During her years in the public eye, Georgiana was painted by Thomas Gainsborough and Joshua Reynolds. Gainsborough's famous painting of her in a large black hat (a style which she made sensationally fashionable, and came to be known as the 'Gainsborough' or 'portrait' hat) was lost for many years. It had been stolen from a London art gallery by Adam Worth then somehow restored to Agnew's Art Gallery by Allan Pinkerton of the American detective agency Pinkerton's. It turned up again at Sotheby's a decade ago and was purchased by the 11th Duke of Devonshire for the Chatsworth collection.

Georgiana managed to keep a "natural relationship"[3] with the Queen of France, Marie Antoinette; the similarity of the lives they led is often observed. Also it was known that Georgiana would believe she saw the ghost of Marie Antoinette in her bed chambers leading some to believe that she was mad.

Titles and styles

  • Miss Georgiana Spencer (7 June 1757 – 3 April 1761)
  • The Hon. Georgiana Spencer (3 April 1761 - 1 November 1765)
  • Lady Georgiana Spencer (1 November 1765 - 7 June 1774)
  • Her Grace The Duchess of Devonshire (7 June 1774 - 30 March 1806)

In popular culture

Contrary to popular belief, the play The School for Scandal was not written about Georgiana's scandalous affairs. Despite interacting with Sheridan, the playwright, the inspiration for the play's various characters came from actors Sheridan knew personally.

The Duchess, with Georgiana portrayed by Keira Knightley, was filmed in 2008 and based on her marriage.

The UK tagline, There were three people in her marriage, was a reference to a quote by her relative, Diana, Princess of Wales, about her own marriage.

Film portrayals



Further reading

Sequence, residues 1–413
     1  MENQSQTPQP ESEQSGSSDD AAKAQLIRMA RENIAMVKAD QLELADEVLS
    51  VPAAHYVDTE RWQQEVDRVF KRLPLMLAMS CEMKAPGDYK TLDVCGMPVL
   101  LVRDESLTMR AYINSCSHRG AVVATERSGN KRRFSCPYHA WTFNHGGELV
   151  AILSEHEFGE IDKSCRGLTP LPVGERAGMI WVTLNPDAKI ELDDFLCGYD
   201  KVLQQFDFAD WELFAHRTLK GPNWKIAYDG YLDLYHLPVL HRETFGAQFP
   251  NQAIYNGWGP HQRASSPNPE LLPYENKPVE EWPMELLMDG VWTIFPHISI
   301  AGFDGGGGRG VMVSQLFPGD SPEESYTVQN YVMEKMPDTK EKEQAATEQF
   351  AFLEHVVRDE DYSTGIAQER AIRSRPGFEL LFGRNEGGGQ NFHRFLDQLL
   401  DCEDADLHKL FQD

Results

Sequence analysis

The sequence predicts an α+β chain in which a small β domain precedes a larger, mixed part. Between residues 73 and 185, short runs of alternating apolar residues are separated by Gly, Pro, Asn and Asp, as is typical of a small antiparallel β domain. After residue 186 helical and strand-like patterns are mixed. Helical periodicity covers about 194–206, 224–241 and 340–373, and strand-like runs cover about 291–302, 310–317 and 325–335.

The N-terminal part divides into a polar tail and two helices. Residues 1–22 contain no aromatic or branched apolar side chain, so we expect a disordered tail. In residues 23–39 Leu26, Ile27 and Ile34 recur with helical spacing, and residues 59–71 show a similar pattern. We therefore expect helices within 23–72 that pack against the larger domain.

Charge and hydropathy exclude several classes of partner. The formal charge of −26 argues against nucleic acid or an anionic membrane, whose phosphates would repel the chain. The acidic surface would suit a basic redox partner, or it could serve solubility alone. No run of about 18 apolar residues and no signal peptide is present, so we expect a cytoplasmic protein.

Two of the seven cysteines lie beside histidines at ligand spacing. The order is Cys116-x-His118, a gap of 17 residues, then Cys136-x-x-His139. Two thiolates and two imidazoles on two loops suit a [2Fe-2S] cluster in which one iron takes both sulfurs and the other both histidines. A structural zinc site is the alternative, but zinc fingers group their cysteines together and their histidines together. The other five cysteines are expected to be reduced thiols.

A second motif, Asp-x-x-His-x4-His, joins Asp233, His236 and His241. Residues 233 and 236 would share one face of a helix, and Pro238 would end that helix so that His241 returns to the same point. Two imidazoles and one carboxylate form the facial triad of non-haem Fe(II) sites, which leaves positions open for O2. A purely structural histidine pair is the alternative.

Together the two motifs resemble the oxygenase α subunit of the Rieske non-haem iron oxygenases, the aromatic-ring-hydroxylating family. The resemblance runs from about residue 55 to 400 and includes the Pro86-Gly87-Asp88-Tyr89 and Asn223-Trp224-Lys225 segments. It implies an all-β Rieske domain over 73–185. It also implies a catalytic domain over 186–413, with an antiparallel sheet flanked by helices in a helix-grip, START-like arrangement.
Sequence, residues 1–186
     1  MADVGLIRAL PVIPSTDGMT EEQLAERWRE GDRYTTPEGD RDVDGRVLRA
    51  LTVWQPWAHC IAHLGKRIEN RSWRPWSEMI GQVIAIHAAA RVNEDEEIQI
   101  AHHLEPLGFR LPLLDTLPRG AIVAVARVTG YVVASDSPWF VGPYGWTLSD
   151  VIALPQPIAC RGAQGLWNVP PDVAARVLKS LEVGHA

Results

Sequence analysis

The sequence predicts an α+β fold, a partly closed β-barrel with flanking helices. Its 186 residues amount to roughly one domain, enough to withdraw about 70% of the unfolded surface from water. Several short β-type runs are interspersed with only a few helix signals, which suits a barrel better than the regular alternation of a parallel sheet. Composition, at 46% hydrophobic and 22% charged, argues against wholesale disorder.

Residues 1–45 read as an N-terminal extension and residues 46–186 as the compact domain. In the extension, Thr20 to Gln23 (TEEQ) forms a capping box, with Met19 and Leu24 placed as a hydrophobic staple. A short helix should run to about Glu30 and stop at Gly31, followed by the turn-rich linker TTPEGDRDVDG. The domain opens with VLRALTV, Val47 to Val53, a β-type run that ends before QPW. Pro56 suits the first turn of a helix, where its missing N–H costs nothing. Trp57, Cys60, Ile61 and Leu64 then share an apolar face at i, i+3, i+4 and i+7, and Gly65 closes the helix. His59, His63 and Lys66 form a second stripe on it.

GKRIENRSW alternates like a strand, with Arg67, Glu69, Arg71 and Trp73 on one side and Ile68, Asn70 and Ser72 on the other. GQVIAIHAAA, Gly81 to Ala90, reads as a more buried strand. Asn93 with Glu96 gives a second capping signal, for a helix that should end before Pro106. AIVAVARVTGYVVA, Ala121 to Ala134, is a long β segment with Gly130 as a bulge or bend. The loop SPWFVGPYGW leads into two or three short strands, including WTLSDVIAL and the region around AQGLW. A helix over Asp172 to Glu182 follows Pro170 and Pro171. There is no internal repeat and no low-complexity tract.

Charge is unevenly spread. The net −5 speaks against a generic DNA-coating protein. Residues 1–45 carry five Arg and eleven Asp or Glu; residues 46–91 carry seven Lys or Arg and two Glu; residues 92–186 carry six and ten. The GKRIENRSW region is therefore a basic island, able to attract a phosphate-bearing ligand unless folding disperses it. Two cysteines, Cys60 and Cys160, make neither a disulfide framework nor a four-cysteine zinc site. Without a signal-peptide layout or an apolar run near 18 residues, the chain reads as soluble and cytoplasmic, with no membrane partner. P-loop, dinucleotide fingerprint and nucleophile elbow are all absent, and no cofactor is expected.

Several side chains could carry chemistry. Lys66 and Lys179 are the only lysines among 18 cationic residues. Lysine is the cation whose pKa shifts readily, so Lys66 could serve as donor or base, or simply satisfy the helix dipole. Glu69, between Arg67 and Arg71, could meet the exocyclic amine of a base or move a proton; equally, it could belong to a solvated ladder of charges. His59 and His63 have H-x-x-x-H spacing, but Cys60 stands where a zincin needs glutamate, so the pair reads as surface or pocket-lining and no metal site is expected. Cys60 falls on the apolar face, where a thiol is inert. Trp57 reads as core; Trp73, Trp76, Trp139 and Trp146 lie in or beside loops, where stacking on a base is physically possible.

• Georgiana, Duchess of Devonshire, Amanda Foreman (1998) ISBN 0-00-655016-9

Now published as The Duchess

  • Georgiana Duchess of Devonshire, Brian Masters, Hamish Hamilton, 1981.
  • Georgiana, The Earl of Bessborough (editor), John Murray, London, 1955.
  • The Two Duchesses.., Family Correspondence relating to.., Vere Foster (editor), Blackie & Son, London, Glasgow & Dublin, 1898.
  • An Aristocratic Affair - The life of Georgiana's sister Harriet, Countess Bessborough, Janet Gleeson, 2006, ISBN 0593054873
  • Portraits of Georgiana by Gainsborough, Reynolds, Romney, Cosway and others.
  • Extra material not included in Amanda Foreman's book


  1. ^ "Beauty — A natural compliment", The Every-day Book and Table Book; or, Everlasting Calendar of Popular Amusements, Sports, Pastimes, Ceremonies, Manners, Customs, and Events, Each of the Three Hundred and Sixty-Five Days, in Past and Present Times; Forming a Complete History of the Year, Months, and Seasons, and a Perpetual Key to the Almanac, Including Accounts of the Weather, Rules for Health and Conduct, Remarkable and Important Anecdotes, Facts, and Notices, in Chronology, Antiquities, Topography, Biography, Natural History, Art, Science, and General Literature; Derived from the Most Authentic Sources, and Valuable Original Communication, with Poetical Elucidations, for Daily Use and Diversion. Vol III., ed. William Hone, (London: 1838) p 344. Retrieved on 2008-06-11
  2. ^ "The Disappearing Duchess", The New York Times, 31 July 1994. Retrieved on 2008-06-11.
  3. ^ Antonia Fraser